A group of Democrat senators and representatives are asking Gov. Michael Dunleavy for clarification on Office of Management and Budget Director Donna Arduin’s business interests.
Dunleavy hired Arduin to help him produce a budget that he has promised would align expenditures and revenue. He has proposed cutting $1.6 billion from the operating budget. Arduin’s duties in helping the governor shape the budget are spelled out in Alaska statutes.
In a letter obtained by the Empire, the group of lawmakers request clarity from the governor on Arduin’s business interests, based on her connections to GEO Group, which is a private prison corporation.
“News reports indicate that Ms. Arduin developed budget proposals for other states, including to privatize prisons, that directly benefited companies (including the GEO Group and related firms) for which she worked as a lobbyist and as a corporate board member,” the memo reads. “Ms. Arduin’s POFD does not provide sufficient detail to ascertain whether her consulting firm Arduin Laffer Moore currently holds or recently held contracts with private prisons or private mental health hospital firms.”
Lawmakers who have signed the memo include: Sens. Tom Begich, Elvi Gray-Jackson, Scott Kawasaki, Jesse Kiehl, Donny Olson, Bill Wielechowski, as well as Reps. Ivy Sponholz and Zack Fields.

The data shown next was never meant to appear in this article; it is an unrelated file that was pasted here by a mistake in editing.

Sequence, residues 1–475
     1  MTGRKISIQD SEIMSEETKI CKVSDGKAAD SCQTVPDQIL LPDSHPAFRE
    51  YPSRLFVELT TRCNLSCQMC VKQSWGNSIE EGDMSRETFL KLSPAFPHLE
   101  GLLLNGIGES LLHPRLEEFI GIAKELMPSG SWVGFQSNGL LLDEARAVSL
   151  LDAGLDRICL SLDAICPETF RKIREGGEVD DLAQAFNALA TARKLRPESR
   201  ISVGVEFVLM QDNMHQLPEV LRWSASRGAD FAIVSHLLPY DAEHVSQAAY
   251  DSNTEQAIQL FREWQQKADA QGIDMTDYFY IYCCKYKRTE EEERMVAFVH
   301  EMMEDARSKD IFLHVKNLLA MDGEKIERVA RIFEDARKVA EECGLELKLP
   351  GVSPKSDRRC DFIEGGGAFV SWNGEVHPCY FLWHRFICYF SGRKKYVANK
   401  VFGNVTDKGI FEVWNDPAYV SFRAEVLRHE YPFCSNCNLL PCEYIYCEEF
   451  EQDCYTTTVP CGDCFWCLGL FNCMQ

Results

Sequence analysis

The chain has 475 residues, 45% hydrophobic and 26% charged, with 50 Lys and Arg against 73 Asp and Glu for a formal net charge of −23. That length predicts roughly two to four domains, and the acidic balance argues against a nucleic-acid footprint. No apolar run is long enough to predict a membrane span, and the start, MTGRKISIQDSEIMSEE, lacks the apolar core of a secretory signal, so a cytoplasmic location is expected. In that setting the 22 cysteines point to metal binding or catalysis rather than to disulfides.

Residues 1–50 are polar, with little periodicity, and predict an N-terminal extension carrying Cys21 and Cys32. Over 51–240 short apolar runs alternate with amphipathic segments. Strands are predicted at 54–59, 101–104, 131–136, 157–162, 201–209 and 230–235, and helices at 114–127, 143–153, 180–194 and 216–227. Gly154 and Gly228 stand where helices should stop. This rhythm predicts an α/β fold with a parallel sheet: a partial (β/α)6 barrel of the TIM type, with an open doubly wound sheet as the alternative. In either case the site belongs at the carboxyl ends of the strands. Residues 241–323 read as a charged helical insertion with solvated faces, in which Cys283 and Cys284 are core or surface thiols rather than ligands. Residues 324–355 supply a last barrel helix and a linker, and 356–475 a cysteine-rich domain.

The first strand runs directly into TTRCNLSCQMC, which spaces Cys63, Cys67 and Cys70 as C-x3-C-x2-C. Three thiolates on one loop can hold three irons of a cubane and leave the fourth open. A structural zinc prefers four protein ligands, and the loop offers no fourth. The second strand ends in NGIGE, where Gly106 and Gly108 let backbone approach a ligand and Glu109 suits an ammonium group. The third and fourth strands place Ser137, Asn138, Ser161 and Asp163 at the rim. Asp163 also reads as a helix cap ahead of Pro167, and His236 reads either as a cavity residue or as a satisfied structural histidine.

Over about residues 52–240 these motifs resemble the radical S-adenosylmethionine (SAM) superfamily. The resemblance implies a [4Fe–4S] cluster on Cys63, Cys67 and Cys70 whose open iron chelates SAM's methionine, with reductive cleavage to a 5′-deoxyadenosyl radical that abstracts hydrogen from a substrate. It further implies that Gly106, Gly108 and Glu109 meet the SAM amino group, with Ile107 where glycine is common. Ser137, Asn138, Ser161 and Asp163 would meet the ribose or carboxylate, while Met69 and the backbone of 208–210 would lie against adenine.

Kawasaki, D-Fairbanks, said the power Arduin has on budget translates to policy decision and wonders if a position of such power should have to go through the confirmation process.
“We all know where she came from and her history,” Kawasaki said in his office on Thursday. “What I’ve seen during the last three weeks is she seems to be taking over a lot of policy decisions. What I’d like to see is if she could be confirmed by the legislators. Shouldn’t the legislators have some sort of say? Some states have a treasurer that is either elected or appointed (and subsequently confirmed) and maybe that’s the model we want to go to with.”
The memo continues: “According to the Department of Corrections — whose budget is directly controlled by Ms. Arduin — the state is examining prison privatization. Although evidence from other states indicate prison privatization does not reduce costs, it does transfer wealth to firms such as those that retained Ms. Arduin to advocate for prison privatization in other states such as Florida and California.”
That DOC statement appeared in a Jan. 21 Alaska Public Media article, and was attributed to a department spokesperson, who said in December that the department was considering making changes including privatizing prisons.
According to the Los Angeles Times, in California Arduin helped then-Gov. Arnold Schwarzenegger’s administration make budget cuts when it was facing a multi-billion budget shortfall. After 11 months with the Schwarzenegger administration, she left her position. Arduin took a position on the board of trustees of Correctional Properties, a spinoff of GEO Group, according to a 2005 Times report.
Arduin’s career move came under scrutiny because the Schwarzenegger administration reopened a McFarland, California prison, which was owned by Correctional Properties. The operations contract at the McFarland jail was given to GEO Group, according to the Times article.
In 2005, Arduin deflected criticism. She told the Los Angeles Times in 2005, “Every person that knows anything about law, ethics or otherwise, would tell you the answer is no” when she was asked about a conflict of interest.”
GEO Group has a registered lobbyist in Juneau this year.
• Contact reporter Kevin Baird at 523-2258 or email@example.com.